Evening dinner review
It seems like forever since we last ate Chinese food. And then all of a sudden in the space of a week we try two new places. J. Wong’s Asian Bistro downtown, and New Flavor located in Sugarhouse. The former for a sit down meal and the latter for delivery meal on a lazy evening.
J. Wong’s Asian Bistro had been covered by most of the local press, and I was eager to give the place a try after reading several glowing reviews. When we headed out that Saturday night, we thought we would have little or no chance of getting into the hot new eatery. While we searched for some form of sustenance, we managed to end up right next to the Energy Solutions arena, just as the stadium was filling up for a Jazz game. As we laughed at our predicament and tried to work our way away from the throngs, we noticed the valet outside of J. Wong’s and immediately decided to take our chances and pulled in. The valet cost $4, and with downtown what it is, even on non Jazz game nights, that’s fine by me. The valet was the first hint of what J. Wong’s is offering, namely an elegant and sophisticated take on Asian favourites (the menu is a mix of Chinese and Thai).
With parking swiftly dealt with, we ventured inside. Luckily there were several empty tables and we were seated right away. The restaurant itself is a sleek, contemporary affair. Comfy booths line the center, with tables to the rear. From the elaborate table tops to the chic lighting, everything is finished with an understated sophistication. Service started and ended in the same manner, professional, friendly and eager to please. We placed our drink and appetizer orders, which were quick to arrive. J. Wong’s has a full menu of beer, wine, and speciality cocktails.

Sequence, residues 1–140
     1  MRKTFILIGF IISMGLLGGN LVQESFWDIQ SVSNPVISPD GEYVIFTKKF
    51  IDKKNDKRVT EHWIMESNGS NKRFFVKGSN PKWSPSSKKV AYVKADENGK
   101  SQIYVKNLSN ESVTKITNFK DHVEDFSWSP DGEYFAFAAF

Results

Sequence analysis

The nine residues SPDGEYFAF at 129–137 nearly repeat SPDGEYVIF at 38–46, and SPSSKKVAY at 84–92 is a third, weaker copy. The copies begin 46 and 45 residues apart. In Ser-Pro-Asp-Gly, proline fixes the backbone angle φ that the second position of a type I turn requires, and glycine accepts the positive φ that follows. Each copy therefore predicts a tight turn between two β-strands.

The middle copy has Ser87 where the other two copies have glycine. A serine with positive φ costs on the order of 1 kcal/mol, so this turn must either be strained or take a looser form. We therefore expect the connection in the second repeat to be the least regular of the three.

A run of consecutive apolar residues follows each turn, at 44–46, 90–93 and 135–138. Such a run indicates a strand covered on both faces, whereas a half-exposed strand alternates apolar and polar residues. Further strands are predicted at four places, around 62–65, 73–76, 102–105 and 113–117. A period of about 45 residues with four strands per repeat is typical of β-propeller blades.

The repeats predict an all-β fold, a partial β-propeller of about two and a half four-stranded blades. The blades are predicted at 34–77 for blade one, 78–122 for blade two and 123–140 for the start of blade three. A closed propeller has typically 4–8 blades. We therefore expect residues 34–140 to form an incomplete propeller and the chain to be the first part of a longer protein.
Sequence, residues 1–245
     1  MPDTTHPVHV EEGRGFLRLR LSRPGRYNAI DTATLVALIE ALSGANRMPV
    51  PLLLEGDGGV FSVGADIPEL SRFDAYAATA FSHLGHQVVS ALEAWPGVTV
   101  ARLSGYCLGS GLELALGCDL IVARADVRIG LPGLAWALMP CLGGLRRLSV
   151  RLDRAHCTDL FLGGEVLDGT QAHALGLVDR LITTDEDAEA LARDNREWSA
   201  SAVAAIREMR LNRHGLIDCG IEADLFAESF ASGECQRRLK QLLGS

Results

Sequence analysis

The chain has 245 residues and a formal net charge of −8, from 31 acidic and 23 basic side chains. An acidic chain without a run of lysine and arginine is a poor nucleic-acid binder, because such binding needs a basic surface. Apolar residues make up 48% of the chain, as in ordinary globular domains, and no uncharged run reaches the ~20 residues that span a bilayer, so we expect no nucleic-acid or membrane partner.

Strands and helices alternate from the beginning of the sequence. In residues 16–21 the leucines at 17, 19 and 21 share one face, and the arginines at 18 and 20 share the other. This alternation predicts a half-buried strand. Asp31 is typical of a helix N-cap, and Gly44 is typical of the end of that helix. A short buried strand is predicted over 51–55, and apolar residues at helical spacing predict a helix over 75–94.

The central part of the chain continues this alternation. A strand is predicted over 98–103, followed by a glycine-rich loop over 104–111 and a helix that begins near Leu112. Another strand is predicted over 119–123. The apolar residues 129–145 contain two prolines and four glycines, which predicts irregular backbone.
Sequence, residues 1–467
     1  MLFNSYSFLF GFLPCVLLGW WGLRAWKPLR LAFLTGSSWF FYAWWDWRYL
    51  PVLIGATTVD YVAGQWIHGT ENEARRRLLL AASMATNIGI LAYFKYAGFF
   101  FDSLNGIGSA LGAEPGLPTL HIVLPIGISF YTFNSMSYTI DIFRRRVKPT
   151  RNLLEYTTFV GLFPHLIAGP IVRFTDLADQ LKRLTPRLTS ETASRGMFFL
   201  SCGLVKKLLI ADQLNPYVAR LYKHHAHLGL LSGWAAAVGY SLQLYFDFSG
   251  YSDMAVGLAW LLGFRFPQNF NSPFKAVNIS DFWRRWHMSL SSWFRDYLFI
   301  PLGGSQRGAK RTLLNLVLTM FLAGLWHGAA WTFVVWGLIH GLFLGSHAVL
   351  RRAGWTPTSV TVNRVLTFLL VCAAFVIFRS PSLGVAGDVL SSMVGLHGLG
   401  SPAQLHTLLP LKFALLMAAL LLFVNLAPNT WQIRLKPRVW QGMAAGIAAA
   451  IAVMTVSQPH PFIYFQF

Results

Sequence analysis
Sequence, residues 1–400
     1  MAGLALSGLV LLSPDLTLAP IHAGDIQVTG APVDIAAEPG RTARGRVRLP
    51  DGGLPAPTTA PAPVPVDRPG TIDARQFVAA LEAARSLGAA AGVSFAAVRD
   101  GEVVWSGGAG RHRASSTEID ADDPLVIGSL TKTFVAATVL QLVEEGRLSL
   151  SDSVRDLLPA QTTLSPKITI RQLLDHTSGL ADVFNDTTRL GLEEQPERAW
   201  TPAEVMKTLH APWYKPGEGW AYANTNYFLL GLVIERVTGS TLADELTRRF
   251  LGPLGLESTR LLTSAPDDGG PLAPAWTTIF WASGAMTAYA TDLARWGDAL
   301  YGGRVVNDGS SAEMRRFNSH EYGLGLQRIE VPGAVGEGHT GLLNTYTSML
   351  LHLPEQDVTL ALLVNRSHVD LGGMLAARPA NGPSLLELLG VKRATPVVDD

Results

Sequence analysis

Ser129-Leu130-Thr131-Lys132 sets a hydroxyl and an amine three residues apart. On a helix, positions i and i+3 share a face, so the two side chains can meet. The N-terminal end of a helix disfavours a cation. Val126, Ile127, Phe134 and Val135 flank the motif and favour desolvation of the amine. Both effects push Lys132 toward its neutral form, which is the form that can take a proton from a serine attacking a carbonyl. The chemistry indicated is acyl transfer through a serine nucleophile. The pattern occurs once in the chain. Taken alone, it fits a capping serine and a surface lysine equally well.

The hot and sour soup we ordered ($3.00) was exactly that. An enjoyably forehead-moistening hit of black pepper enhanced this excellent and rich rendition of the famous soup. Plenty of tasty fungus lurked in the delicious broth. We forgot (!) to take a picture of it, but the soup came served in a quite unusually large curved bowl (The spur of the moment nature of the meal meant relying on my cellphone for pictures, hence the poorer quality snaps). In fact the whole meal was plated in a much more modern fashion than would be the case at a more traditional Chinese restaurant. This sat nicely with the upscale feel of the place, but at times threatened to become contrived. Case in point, the Charsil I ordered ($6.00):
Plating quirks aside, this was a great appetizer too. Indeed, at $6 it was a surprisingly generous portion. The cuts of roast bbq pork were also served with a sweet sauce, and Chinese mustard. We mostly avoided the sauces, instead chowing down eagerly on the meat in its basic form. I wish I had a plate of this on hand at all times to snack on.
Next up, were the entrees, Wendi’s choice was the Tangerine Chicken ($12.00):